Control of the spatial distribution of sodium channels in the squid giant axon and its cell bodies

W. F. Gilly, M. T. Lucero, M. Perri and J. Rosenthal

in Cephalopod Neurobiology

Published in print April 1995 | ISBN: 9780198547907
Published online March 2012 | e-ISBN: 9780191724299 | DOI:
Control of the spatial distribution of sodium channels in the squid giant axon and its cell bodies

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This chapter summarizes the progress in developing a model system for studying the control of neuronal Na channel distribution based on the squid giant axon and its cell bodies located in the giant fibre lobe (GFL) of the stellate ganglion. Patch clamp methods have been employed to test the functional integrity of Na channels in GFL neurones maintained in primary culture, and to map the spatial distribution in cell bodies and axons. GFL neurones in vitro establish and maintain a strongly polarized Na channel distribution similar to that displayed by the system in vivo. Several manipulations that disrupt this cellular polarity, including a novel effect of the glycosylation inhibitor tunicamycin, have been identified. This drug appears to selectively inhibit high-level expression of Na channels in axonal membrane. Specificity of neuronal function at the cellular level is largely dictated by the precise spatial distribution of membrane receptors and channels. In general, the functional properties of many channels and receptors have been well studied, and in some cases their spatial distributions have been carefully mapped. Although this information is vital to understanding nerve cell function, there is still a need to learn much more about the cell biological dynamics that control both the properties and the spatial distributions of these important membrane proteins. All neurones are functionally and morphologically polarized, and the number of cellular control elements is large.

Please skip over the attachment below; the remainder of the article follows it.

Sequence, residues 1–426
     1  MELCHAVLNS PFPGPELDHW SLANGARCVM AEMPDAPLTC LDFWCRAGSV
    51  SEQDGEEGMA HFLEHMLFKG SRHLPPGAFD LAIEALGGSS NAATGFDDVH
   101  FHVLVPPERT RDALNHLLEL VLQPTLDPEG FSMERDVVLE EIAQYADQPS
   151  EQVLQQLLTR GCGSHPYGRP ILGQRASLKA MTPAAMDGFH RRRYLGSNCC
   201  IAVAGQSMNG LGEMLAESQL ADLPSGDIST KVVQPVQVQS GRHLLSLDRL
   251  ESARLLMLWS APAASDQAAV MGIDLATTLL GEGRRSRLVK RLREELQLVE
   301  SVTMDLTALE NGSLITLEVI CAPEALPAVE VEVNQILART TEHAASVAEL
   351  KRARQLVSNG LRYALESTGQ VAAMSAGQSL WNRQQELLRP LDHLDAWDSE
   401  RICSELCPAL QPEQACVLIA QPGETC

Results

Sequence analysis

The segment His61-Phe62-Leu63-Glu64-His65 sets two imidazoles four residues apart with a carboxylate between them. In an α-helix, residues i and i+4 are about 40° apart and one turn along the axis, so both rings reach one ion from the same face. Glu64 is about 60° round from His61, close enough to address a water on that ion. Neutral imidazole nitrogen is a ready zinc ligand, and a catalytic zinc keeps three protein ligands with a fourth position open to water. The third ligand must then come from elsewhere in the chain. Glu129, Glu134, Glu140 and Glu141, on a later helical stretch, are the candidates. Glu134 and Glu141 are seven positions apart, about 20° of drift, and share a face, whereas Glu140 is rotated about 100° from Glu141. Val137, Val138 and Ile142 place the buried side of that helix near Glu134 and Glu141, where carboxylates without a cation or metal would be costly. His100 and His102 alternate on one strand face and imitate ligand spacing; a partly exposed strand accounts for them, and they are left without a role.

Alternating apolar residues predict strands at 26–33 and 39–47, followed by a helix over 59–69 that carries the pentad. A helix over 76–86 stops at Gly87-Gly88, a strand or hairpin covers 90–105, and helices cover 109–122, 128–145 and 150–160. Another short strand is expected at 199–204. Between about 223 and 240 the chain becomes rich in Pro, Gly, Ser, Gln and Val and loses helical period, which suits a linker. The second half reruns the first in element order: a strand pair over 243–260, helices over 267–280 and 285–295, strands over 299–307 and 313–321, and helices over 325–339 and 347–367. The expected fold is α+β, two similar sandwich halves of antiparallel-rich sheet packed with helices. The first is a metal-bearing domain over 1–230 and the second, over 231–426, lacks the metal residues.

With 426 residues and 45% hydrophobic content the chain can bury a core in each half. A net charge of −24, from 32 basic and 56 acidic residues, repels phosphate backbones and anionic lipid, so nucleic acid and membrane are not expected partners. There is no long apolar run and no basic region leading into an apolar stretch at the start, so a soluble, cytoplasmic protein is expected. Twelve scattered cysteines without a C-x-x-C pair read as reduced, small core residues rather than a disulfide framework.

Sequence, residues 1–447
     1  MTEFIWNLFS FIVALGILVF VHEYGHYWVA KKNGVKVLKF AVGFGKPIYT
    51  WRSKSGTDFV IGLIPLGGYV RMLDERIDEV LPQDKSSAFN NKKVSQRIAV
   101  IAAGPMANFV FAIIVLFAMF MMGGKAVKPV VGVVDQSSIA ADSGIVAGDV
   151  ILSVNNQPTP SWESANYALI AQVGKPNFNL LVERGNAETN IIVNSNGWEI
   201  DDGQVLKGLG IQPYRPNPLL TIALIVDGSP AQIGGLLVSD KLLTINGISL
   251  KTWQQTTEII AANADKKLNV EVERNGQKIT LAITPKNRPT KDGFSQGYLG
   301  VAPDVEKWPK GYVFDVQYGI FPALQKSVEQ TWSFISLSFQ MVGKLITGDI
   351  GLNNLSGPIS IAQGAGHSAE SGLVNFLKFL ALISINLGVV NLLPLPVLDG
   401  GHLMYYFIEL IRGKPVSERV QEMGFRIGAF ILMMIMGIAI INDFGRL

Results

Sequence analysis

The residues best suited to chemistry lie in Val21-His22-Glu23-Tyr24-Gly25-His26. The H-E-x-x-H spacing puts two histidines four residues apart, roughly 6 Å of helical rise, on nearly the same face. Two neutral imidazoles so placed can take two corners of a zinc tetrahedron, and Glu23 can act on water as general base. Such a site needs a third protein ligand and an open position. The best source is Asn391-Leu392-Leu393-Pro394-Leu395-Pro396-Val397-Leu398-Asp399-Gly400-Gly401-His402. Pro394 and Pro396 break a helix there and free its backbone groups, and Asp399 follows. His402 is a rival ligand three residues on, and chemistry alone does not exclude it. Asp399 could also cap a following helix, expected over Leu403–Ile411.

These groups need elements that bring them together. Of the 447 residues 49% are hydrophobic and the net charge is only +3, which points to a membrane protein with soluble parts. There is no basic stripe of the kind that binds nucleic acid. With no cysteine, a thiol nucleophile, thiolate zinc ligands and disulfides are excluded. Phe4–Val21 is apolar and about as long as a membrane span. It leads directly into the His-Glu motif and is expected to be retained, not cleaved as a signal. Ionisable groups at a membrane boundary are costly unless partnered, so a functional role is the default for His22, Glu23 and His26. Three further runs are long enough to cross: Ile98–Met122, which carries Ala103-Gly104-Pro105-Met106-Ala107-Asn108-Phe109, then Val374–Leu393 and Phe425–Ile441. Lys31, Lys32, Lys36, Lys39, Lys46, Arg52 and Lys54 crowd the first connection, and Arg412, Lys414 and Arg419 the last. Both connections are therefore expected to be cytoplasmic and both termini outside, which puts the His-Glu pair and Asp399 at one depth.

Keywords: neuronal sodium channel; patch clamp method; cellular polarity; giant fibre lobe; squid giant axon; tunicamycin

Chapter.  7360 words.  Illustrated.

Subjects: Neuroscience

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